Toxins and Bacterial Pathogenesis - CNRS URA2172  

  HEADProf. MOCK Michèle /
Dr GOOSSENS Pierre / Prof. KOLSTO Anne-Brit / Dr MARY-POSSOT Odile / Dr MELONI Mauro
MOYA-NILGES Marie / Dr RANCK Jean-Luc / Dr SYLVESTRE Patricia

  Annual Report


Bacillus anthracis, the aetiological agent of anthrax, is a Gram-positive, spore-forming, extra cellular bacterium. The spore is both the form of persistence in the environment and the infectant form. Two toxins, and a poly-glutamic acid, antiphagocytic, capsule are the main virulence factors

Spore surface

The exosporium is the most external structure of the spore. It consists of a paracrystalline basal layer and of BclA, a collagen-like glycoprotein. Other spore components required for the assembly of the paracrystalline layer have been identified.

Metabolic pathways and biodiversity

Among the main groups defined worldwide for B. anthracis strains, those of the sub-group B2, mostly found in France, exhibit specific sugar utilization. A1 strains use starch but not gluconate, and conversely for B2 strains. A comparative genomic analysis has revealed mutations affecting enzyme activities potentially involved in sugar utilization.

Vegetative form surface

Four proteins are necessary for capsule synthesis. A fifth protein catalyzes the capsule covalent anchoring to the peptidoglycan.

Sortases” catalyze the covalent anchoring of proteins harboring an “LPXTG” motif. B. anthracis possesses three sortases and 14 “LPXTG” proteins. We have constructed mutants of each of the sortases. We have characterized an “LPXTG” protein that is anchored by sortase A. We are defining B. anthracis sortase repertoires.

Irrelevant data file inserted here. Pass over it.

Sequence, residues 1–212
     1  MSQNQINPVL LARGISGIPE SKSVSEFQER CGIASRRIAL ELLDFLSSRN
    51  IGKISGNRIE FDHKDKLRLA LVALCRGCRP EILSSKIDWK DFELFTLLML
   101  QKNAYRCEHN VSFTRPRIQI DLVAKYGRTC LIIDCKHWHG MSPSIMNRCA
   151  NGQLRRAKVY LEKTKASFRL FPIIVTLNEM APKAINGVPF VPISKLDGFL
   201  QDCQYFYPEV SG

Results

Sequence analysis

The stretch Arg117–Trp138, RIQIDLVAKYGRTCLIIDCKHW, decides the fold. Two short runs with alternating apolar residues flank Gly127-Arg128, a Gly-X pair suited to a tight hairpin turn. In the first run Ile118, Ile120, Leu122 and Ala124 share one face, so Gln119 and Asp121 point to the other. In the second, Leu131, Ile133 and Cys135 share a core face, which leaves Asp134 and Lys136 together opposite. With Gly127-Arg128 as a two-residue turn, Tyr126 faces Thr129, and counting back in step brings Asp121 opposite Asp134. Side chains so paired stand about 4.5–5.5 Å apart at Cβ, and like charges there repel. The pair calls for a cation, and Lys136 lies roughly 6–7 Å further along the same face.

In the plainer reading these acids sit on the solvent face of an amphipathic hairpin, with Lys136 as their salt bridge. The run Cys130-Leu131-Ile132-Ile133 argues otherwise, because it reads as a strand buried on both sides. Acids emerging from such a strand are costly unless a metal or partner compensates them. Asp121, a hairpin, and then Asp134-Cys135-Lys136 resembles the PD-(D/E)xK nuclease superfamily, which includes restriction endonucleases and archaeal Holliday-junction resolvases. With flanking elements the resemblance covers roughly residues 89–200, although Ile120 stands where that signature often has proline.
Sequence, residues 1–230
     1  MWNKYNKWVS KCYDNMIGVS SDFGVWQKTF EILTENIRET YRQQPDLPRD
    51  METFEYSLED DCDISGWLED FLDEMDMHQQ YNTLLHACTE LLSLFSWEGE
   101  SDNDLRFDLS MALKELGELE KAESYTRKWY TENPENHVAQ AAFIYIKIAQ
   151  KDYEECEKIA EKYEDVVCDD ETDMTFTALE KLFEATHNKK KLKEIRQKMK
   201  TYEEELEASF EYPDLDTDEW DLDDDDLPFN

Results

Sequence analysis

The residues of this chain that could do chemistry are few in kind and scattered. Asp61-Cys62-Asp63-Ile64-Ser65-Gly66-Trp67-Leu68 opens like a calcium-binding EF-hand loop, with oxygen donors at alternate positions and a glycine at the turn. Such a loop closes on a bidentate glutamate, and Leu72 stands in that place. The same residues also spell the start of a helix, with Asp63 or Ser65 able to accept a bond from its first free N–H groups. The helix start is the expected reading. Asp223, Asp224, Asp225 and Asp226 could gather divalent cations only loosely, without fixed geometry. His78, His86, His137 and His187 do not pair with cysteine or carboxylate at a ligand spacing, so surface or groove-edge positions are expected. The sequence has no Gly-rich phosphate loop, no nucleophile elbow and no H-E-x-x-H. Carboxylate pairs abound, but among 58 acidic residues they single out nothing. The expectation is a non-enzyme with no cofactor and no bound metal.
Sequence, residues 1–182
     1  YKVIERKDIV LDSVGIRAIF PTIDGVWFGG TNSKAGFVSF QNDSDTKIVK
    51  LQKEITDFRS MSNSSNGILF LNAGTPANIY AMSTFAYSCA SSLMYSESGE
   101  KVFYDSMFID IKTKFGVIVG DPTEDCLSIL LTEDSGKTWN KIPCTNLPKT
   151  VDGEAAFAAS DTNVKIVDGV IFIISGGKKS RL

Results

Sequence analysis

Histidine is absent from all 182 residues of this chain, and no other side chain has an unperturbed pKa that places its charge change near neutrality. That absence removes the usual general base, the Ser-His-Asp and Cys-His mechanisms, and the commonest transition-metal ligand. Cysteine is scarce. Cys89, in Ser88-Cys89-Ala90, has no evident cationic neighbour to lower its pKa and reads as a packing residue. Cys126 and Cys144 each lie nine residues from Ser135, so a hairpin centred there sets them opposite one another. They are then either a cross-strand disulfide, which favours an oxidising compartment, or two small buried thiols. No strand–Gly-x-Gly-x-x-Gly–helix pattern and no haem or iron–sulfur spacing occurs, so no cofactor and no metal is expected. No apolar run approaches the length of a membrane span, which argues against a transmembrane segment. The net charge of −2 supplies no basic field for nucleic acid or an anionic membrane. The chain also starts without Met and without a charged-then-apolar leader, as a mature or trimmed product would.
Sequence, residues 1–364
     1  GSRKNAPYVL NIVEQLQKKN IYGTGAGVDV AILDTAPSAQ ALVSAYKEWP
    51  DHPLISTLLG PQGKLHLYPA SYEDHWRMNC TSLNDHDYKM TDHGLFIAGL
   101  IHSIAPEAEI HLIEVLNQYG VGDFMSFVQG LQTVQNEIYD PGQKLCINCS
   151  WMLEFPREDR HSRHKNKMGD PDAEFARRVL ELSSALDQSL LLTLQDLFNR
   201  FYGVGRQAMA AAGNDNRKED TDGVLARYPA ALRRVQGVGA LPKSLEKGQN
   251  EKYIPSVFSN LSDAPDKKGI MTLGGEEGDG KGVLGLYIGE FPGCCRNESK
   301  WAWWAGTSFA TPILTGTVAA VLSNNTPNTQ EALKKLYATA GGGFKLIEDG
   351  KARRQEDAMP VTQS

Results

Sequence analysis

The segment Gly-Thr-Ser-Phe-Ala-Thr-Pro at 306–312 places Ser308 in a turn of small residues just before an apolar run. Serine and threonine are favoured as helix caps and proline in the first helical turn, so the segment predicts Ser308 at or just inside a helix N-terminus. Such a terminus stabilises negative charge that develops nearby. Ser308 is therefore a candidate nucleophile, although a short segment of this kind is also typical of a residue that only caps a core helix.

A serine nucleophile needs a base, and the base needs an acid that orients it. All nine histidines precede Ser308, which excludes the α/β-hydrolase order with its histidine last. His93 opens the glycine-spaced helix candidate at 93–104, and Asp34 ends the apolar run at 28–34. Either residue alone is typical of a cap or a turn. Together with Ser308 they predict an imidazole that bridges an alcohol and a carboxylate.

Regulation of virulence factors synthesis

Toxin components are maximally synthesized at the end of the exponential phase. Transition state regulators, including CodY, repress gene expression during exponential phase. CodY implication in toxin, capsule and AtxA, a B. anthracis master regulator, gene expression is under study. B. anthracis stringent response has been characterized. There is a single rel gene in B. anthracis.

Animal models

In vivo analysis of bioluminescent B. anthracis dissemination in mice in real time (Figure) has shown unidentified portals of entry. Characterization of the dynamics of germination, multiplication and dissemination will give clues to innate control mechanisms and how B. anthracis may escape.

Innate and adaptive immunity

We have shown that group IIA phospholipase A2, secreted by inflammatory cells, is highly anthracidal in vitro and in vivo. Cell transduction pathways involved in early recognition of spores are analyzed.

A non-living anthrax vaccine composed of protective antigen and inactivated spores has been devised for human use. We have shown that the protective immunity afforded by spore immunization is dependent on cellular immunity involving CD4 T lymphocytes and gamma interferon.



Publications 2006 of the unit on Pasteur's references database

Activity Reports 2006 - Institut Pasteur
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